The girl was breathing hard as she climbed steep outdoor stairs, carrying the basin of dirty water in which she’d been scrubbing vegetables. Sliding the basin onto a flat rooftop, she scrambled after it. She was high enough here to see out over the compound’s mud-brick perimeter wall. A narrow river gorge ran between two gently rising mountain ridges. The compound sat halfway up one flank, its crenellated exterior fortification curving out from the mountainside to enclose an area large enough for a buzkashi tournament, the Afghan free-for-all version of polo.
Above the girl on the highest parapet, a teenage sentry squatted, an ancient AK-47 across his thighs. Catching his eyes on her, the girl pulled her headscarf higher across her face. But she did not stoop immediately to complete her task, stepping forward instead to the edge of the roof.
Today’s sun had already dropped behind the opposite mountain ridge, leaving behind a spectacular display of reds and oranges and purples above the sharp geometry of rock formations. Overhead, a rare saker falcon wheeled lazily against the first pale stars. Perched on a boulder across the river, a shepherd boy played a wooden toola flute, the rush of water over stones offering harmony to his plaintive tune. Behind him, a herd of mountain sheep scrambled over terraces where crops would grow when spring runoff overflowed a stream bed winding through the valley floor.
The girl saw little beauty in the scene. The narrow vista of this isolated mountain valley, varied only by white of winter snow and green of summer growth, was no less a prison than the compound walls. Just as the bright red and pink of poppy blooms within the compound enclosure below meant only backbreaking hours of hand-irrigating and weeding.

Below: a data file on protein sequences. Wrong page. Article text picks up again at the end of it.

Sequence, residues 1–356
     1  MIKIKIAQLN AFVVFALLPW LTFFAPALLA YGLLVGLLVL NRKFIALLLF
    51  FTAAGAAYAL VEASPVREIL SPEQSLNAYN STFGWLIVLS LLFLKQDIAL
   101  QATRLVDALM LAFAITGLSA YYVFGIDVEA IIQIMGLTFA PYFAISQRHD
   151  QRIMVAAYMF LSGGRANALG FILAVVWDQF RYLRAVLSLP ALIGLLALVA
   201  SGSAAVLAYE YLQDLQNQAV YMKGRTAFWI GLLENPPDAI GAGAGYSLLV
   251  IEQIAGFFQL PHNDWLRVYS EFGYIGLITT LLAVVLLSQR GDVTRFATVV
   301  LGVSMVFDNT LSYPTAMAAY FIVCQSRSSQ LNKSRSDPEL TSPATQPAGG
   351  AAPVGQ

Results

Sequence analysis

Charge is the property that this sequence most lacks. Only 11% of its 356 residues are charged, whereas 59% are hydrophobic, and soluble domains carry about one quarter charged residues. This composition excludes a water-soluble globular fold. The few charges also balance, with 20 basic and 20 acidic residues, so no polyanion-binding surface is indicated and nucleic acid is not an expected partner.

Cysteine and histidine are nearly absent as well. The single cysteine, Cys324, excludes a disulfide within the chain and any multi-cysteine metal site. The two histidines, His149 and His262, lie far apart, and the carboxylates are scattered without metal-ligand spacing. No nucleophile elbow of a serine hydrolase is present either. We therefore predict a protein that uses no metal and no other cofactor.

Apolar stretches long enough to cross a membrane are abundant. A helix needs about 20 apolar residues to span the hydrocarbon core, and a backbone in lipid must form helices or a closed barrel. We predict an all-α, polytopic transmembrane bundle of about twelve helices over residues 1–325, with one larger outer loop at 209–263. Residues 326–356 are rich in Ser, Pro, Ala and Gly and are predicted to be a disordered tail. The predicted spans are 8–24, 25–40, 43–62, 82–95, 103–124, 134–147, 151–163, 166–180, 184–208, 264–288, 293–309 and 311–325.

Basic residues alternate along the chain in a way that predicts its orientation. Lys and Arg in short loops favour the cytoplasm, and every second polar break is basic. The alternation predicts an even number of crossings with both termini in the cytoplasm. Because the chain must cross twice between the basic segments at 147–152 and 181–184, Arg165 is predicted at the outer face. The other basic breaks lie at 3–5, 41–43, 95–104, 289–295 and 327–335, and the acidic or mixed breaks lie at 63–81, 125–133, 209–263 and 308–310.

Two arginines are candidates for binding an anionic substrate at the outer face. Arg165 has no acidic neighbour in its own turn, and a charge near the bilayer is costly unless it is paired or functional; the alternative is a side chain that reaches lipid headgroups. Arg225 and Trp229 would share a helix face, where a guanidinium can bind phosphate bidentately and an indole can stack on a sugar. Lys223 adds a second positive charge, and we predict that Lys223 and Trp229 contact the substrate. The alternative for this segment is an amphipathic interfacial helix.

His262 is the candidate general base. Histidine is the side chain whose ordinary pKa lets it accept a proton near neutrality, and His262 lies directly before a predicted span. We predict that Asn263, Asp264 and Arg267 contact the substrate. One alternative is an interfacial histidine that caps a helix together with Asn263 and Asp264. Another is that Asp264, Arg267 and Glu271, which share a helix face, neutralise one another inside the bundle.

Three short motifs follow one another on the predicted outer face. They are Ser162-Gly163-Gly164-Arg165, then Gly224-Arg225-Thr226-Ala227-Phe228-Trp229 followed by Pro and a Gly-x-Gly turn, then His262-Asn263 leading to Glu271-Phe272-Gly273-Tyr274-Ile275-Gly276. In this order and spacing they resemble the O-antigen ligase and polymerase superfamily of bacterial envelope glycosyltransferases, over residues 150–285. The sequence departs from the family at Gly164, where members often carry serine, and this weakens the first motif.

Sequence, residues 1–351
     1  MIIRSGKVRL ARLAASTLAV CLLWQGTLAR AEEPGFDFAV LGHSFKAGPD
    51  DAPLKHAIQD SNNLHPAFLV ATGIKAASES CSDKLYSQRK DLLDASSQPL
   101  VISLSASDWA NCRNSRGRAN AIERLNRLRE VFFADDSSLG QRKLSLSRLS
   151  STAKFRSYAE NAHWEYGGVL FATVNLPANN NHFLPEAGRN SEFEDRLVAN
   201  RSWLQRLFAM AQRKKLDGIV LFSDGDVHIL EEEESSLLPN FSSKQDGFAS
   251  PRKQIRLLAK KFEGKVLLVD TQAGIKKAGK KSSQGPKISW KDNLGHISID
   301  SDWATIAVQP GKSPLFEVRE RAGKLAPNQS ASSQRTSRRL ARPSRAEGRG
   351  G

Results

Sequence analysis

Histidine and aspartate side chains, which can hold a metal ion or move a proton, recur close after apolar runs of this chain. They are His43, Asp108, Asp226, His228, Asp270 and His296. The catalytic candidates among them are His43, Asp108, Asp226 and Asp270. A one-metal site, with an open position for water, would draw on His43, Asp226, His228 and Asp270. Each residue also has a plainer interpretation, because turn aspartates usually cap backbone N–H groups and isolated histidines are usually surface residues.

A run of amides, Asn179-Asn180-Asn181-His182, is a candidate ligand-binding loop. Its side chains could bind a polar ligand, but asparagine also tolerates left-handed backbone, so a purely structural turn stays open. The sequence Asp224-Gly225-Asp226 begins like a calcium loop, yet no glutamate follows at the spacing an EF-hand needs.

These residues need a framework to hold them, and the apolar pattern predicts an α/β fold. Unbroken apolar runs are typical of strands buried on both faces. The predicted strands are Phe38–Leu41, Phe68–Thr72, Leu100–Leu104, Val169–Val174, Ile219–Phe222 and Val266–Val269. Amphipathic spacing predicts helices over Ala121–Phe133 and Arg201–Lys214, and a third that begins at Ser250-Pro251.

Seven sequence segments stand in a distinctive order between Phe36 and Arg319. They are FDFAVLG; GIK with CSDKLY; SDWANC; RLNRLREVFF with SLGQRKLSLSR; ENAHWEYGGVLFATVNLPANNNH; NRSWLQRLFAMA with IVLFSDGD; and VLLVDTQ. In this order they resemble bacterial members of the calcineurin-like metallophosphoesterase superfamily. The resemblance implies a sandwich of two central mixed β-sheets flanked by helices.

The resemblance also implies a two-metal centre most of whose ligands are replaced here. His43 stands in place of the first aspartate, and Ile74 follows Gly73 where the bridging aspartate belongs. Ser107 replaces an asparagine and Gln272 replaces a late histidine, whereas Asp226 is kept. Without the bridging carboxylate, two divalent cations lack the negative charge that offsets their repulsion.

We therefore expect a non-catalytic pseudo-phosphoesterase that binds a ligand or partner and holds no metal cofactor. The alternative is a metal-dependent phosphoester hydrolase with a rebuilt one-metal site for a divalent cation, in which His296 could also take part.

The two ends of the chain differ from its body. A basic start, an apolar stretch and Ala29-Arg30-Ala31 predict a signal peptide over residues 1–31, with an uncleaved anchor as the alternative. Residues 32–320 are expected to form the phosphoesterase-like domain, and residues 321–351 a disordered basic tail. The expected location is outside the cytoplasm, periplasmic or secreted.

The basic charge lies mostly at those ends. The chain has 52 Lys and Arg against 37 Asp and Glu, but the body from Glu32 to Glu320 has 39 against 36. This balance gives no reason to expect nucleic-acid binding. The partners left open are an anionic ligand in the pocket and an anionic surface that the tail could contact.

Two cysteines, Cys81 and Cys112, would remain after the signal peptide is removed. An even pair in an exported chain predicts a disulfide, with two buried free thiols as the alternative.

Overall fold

But today that would be finished. Before nightfall was complete, the compound gates that had slammed her inside—how long had it been? five winters now?—would swing wide. Perhaps her new home would be a town with markets and people and freedom to emerge into the streets. Perhaps there would be womenfolk her own age who would welcome her as sister.
Perhaps there would be books. Oh, to study again!
Will there be love?
Her searching gaze had finally spotted what she’d been seeking. A single track scratched the baked earth of the valley floor, paralleling the river bed. A dust devil moving along it was too large and fast to be the wind. A party of horsemen?
Then a vehicle separated itself from the whirlwind. A single-cab pickup, its bed crowded with human shapes, though still too distant to make out whether they were male or female.
One would certainly be male.
Or new prison warden.
How can readers find you on the Internet?www.jeanettewindle.com
Thank you for another very interesting interview, Jeanette.